Care to comment on the blog? Great, just pass this test

When I blogged on when the Journal enterprise allowed the vast unwashed to dare report or voice opinions on their community websites  I  linked several times to a column that equated material posted on the Internet by anonymous folks to Internet porn.

October 23, 2007:

Today, talk show host and author Dennis Prager has written a column about his view that Internet anonymity is just as destructive as Internet porn. Prager writes, in part:

“There is something at least as awful — and arguably more destructive — that permeates the Internet: the lies, vitriol, obscenities and ad hominem attacks made by anonymous individuals on almost every website that deals with public issues.

Being identifiable breeds responsibility; anonymity breeds irresponsibility.”

I urge you to read Prager’s column in its entirety. Take special note of his last paragraph…
—October 23, 2007

Two years later…

Not everyone who writes or comments anonymously on blogs or chat sites is irresponsible. However, given the opportunity to hide behind a fake name, a writer feels the incentive to engage in outrageous, negative, hostile, even false or libelous commentary. As columnist Dennis Prager once wrote:

“It is the very rare individual who sends a hate-filled, obscenity-laced e-mail that includes his name. As the recipient of such e-mails, I know firsthand how rarely people identify themselves when sending hate-filled mail. It is so rare, in fact, that I usually respond to hate mail that includes the writer’s name just to commend him for attaching his name to something so embarrassing.

The Internet practice of giving everyone the ability to express himself anonymously for millions to read has debased public discourse. Cursing, ad hominem attacks and/or the utter absence of logic characterize a large percentage of many websites’ ‘comments’ sections. And because people tend to do what society says it is OK to do, many people, especially younger people, are coming to view such primitive forms of self-expression as acceptable.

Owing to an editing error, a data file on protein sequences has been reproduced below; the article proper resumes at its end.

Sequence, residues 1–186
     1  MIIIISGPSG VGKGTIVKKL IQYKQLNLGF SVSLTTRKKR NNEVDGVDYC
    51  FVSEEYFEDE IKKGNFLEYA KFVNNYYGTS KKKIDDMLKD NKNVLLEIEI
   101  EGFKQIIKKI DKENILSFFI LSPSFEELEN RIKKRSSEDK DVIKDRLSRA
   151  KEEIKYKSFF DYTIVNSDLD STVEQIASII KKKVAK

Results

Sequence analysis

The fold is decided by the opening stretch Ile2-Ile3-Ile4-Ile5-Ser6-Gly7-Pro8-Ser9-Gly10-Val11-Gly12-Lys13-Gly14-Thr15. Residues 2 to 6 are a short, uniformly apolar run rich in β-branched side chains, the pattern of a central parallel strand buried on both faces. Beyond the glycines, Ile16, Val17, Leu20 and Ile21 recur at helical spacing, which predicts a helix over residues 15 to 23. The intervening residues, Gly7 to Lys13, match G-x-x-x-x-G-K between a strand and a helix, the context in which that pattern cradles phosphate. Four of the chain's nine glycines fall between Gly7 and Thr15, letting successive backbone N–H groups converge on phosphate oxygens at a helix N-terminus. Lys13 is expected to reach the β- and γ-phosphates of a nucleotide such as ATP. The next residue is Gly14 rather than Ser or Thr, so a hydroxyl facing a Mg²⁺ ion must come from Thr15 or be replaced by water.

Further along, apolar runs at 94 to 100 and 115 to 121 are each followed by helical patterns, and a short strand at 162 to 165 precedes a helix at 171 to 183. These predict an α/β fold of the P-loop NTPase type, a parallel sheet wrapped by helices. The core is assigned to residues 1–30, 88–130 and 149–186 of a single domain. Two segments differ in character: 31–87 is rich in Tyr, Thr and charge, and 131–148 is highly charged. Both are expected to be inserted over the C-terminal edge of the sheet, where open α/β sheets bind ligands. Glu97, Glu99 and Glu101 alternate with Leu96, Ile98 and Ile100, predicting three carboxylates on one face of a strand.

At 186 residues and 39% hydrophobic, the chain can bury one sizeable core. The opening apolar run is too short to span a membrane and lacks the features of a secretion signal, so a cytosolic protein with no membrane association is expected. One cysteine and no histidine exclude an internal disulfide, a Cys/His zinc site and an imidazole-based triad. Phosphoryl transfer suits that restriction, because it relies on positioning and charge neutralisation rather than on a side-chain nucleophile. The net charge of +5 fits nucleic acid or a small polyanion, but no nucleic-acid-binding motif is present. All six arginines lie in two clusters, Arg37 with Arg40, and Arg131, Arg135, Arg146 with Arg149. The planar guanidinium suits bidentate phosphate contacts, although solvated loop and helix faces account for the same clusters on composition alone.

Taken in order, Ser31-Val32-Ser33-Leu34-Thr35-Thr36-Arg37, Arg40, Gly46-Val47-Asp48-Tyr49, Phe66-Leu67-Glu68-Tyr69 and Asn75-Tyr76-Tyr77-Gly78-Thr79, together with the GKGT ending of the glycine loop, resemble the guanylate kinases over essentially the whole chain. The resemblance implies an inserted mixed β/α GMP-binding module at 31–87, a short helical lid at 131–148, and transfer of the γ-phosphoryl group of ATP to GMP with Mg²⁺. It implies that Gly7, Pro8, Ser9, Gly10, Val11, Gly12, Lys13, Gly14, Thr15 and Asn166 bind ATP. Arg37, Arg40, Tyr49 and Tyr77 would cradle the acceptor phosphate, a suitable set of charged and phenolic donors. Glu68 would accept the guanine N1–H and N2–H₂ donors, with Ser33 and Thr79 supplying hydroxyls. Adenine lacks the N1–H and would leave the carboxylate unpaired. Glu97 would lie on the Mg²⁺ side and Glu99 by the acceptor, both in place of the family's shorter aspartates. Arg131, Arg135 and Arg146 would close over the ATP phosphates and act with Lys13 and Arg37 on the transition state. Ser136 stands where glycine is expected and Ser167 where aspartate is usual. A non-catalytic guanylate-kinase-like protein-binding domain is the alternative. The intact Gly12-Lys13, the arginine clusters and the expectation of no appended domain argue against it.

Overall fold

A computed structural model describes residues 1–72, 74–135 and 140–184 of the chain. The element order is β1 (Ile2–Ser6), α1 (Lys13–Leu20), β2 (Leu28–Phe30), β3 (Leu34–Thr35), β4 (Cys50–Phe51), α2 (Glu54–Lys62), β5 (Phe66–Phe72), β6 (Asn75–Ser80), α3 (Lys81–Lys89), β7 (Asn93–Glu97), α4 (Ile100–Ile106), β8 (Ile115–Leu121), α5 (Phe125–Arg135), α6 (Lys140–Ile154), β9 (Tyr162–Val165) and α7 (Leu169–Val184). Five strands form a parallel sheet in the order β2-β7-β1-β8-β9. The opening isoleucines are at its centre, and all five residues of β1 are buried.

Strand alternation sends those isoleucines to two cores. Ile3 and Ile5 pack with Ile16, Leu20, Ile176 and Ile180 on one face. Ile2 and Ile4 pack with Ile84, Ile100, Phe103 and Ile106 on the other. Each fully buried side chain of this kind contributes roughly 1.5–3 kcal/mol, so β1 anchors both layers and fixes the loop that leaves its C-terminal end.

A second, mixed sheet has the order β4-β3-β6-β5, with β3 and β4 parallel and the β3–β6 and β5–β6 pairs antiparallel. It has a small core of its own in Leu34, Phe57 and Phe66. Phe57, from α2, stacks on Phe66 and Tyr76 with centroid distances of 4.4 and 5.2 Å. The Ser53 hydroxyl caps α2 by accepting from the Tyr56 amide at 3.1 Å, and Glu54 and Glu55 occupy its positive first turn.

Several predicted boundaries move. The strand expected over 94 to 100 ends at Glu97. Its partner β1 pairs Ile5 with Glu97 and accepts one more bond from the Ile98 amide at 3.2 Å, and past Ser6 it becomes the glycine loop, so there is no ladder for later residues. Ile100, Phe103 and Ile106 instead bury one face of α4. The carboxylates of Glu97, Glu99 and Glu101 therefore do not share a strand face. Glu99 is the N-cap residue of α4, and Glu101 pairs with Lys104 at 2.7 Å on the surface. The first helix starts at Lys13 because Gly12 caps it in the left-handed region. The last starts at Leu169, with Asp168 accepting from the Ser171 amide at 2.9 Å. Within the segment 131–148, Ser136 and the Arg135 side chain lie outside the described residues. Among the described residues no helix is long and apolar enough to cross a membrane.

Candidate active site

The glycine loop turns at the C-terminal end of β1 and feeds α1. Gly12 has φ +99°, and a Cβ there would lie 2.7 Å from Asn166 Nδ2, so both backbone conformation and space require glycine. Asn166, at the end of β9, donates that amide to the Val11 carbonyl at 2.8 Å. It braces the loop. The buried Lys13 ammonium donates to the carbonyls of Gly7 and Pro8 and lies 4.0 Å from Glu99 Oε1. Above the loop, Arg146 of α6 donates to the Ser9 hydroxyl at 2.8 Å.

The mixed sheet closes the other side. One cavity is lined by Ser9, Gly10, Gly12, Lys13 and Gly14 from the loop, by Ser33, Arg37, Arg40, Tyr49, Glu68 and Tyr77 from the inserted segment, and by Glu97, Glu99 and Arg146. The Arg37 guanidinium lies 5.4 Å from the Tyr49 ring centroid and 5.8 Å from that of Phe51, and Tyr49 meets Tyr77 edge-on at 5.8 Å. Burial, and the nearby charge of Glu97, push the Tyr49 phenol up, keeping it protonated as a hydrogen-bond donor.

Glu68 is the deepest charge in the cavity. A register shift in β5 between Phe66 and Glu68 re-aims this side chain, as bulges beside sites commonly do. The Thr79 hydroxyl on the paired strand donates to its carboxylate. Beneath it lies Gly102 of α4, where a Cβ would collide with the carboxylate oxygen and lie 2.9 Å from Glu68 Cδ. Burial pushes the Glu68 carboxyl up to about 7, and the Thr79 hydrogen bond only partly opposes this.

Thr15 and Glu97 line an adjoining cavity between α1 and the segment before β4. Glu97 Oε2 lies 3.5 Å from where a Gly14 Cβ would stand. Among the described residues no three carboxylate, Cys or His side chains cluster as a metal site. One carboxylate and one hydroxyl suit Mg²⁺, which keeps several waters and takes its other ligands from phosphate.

Some might argue that anonymity enables people to more freely express their thoughts. But this is not true. Anonymity only enables people to more freely express their feelings. Anonymity values feelings over thought, and immediate expression over thoughtful reflection.”

I call these people cowards.

Reckless blogging is like a cancer, permeating the Internet. Sometimes, in the never-ending quest to make waves, the blogger can go too far.

One local writer cavalierly told me last year that he can write anything he wants to because he’s a blogger. When I raised the issues of credibility and reputation, I was told again that it didn’t matter because he’s a blogger, not a journalist. Still another local blogger’s body of work is marked, or should I say, marred by entries based on assumptions, rumors, unfounded accusations, and wild conspiracy theories. Not only that, his grammar and spelling would make his high school English teacher jump off the Hoan Bridge.

In a perfect world, everyone who writes a blog would have to divulge his/her identity and affiliation. Ditto for people who “comment.” Unfortunately, that’s not going to happen, and the irresponsibility will continue.
—September 1, 2009

Contemporary update:

I like this idea.

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